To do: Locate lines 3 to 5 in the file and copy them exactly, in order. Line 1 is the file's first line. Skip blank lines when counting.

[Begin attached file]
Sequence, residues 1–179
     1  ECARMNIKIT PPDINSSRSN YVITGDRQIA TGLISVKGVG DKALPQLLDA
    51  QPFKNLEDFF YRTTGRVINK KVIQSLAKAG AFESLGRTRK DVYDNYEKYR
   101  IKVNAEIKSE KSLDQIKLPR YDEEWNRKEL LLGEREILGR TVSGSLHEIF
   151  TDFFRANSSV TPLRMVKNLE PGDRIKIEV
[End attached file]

    51  QPFKNLEDFF YRTTGRVINK KVIQSLAKAG AFESLGRTRK DVYDNYEKYR
   101  IKVNAEIKSE KSLDQIKLPR YDEEWNRKEL LLGEREILGR TVSGSLHEIF
   151  TDFFRANSSV TPLRMVKNLE PGDRIKIEV